20. apr. 2008

The roots of violence

If we know that the roots of violence are fertilized by childhood abuse, can we make a long-term commitment to reduce violence by focusing on our children rather than our criminals? What if we set a goal of reducing the cases of childhood abuse and neglect by 50 percent a year? What if we monitored statistics on childhood abuse as avidly as we track housing starts, inflation, or baseball scores? We would have to commit ourselves, seriously, to improving access to quality day care and after-school programs. We might need to educate and support parents so they could know how to nurture their children more effectively. We certainly would need to foster better relationships among peers and siblings.

Copyright 2008 The Dana Foundation All Rights Reserved danainfo@dana.org

Lifelong beneficial changes

Fifty years ago, Seymour Levine and Victor Denenberg showed that small alterations in their environment led to lasting changes in rats’ development, behavior, and response to stress. Something as seemingly inconsequential as five minutes of human handling during a rat’s infancy produced lifelong beneficial changes. We now understand through the research efforts of Michael Meany and Paul Plotsky that the effects of brief handling were highly beneficial and were due to increased maternal attention. Those pups whose mothers spontaneously lick and groom them the most (about one-third in a laboratory setting) display the same benefits as the rats with the human handling. By contrast, long isolation produces stress that has a deleterious effect on brain and behavior development.

Copyright 2008 The Dana Foundation All Rights Reserved danainfo@dana.org


Rushdie: We will be able to triumph over terrorism not by waging war on it, but through a conscious, fearless way of life. If there is a choice between absolute safety and freedom, then freedom must always prevail.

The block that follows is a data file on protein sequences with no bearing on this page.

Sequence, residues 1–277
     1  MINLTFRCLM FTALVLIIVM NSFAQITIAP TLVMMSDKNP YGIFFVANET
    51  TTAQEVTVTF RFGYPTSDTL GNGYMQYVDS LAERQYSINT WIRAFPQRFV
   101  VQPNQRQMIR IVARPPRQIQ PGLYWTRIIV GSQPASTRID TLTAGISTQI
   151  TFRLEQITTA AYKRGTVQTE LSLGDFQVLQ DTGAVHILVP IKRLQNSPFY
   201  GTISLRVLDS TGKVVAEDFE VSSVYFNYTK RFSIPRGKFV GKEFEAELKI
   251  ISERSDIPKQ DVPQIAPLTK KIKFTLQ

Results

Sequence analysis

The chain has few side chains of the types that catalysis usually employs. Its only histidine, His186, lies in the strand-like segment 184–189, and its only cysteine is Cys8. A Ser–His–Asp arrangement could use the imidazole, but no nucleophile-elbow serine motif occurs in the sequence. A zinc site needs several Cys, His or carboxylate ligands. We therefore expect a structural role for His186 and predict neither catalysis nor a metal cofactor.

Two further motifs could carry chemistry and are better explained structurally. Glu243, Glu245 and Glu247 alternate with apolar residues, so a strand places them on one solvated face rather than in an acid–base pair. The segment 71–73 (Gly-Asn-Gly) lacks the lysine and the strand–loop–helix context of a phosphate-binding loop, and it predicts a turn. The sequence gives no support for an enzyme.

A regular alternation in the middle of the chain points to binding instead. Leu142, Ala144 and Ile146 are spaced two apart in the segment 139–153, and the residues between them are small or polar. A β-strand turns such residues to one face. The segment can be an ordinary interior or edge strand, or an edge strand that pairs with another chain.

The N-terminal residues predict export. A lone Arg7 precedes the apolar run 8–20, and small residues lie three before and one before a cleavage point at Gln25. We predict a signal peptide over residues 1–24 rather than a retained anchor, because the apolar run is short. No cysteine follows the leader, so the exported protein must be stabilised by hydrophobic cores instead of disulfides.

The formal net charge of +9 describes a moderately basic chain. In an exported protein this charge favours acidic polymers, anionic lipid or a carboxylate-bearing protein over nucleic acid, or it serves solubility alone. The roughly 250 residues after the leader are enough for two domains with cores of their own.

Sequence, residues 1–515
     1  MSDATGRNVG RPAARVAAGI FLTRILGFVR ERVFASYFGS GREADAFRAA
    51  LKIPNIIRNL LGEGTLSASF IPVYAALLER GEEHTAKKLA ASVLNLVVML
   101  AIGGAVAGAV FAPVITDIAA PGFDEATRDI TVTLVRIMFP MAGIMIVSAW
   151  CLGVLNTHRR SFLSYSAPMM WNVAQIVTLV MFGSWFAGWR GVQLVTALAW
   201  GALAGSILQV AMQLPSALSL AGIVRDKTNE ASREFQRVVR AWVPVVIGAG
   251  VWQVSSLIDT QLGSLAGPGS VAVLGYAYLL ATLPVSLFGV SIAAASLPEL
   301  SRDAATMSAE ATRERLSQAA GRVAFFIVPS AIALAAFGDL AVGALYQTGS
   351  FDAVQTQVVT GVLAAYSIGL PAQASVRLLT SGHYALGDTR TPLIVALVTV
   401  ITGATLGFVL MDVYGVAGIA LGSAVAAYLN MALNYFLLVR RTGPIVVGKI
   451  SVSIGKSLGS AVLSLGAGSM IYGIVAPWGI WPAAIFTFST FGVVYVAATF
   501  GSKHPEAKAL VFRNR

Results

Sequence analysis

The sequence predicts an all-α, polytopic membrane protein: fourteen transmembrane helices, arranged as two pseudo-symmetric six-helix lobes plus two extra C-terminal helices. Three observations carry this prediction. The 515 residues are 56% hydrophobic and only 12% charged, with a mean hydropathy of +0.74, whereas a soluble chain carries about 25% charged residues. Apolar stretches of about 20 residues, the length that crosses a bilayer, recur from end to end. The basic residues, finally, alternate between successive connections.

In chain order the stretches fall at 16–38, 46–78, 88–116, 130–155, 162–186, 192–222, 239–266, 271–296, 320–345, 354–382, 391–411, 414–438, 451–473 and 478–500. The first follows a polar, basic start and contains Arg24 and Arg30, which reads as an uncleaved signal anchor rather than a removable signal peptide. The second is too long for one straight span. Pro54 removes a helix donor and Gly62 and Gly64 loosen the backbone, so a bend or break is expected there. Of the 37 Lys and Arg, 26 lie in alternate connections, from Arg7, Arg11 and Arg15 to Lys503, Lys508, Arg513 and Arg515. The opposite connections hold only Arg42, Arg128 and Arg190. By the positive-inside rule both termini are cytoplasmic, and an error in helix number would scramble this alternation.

"Terror Is Glamour", Spiegel interview with Salman Rushdie

Rushdie: In my opinion the word “spiritual” ought to be put on an index and banned from being used for say 50 years. The things that are put about as being “spiritual” -- it’s unbelievable. It even goes as far as a spiritual lap dog and a spiritual shampoo.

SPIEGEL: You yourself once wrote: “We need answers to the unanswerable. Is this life all there is? The soul needs explanations, not rational ones but ones for the heart.”

Rushdie: Of course there are things beyond material needs, we all sense that. For me the answers are simply not in the religious, heavenly realm. But I don’t dictate to anyone what to believe and what not to. And I don’t want that to be dictated to me either.

Interview conducted by Erich Follath, August 28, 2006,© SPIEGEL ONLINE 2006
All Rights Reserved, Reproduction only allowed with the permission of SPIEGELnet GmbH

“Spirituality” Cements Childhood Blindness

When Tibetan Buddhism is celebrated today as the peaceful and calming practice of meditation, people overlook the reality of a brutal religion with bizarre traditions that has used meditation as a tyrannizing tool to quash the power of feelings and free, critical thinking. Not only one hell as in Christianity, but sixteen hells doom the believer in Tibetan Buddhism with terrifying horror scenarios! It is a tradition of this controlling religion to force children into becoming monks, remove them from their families, cut them off from contact with women and brainwash them with religious studies that must be learned and recited by heart. In the context of this inhuman religion, the word “compassion,” no matter how often it is conjured, has no real meaning because compassion is not extended to these abused and neglected children. In order to become “spiritually enlightened,” they are betrayed of their human right to a healthy, dignified development, their freedom and their lives.

http://www.alice-miller.com © Barbara Rogers, September 2007


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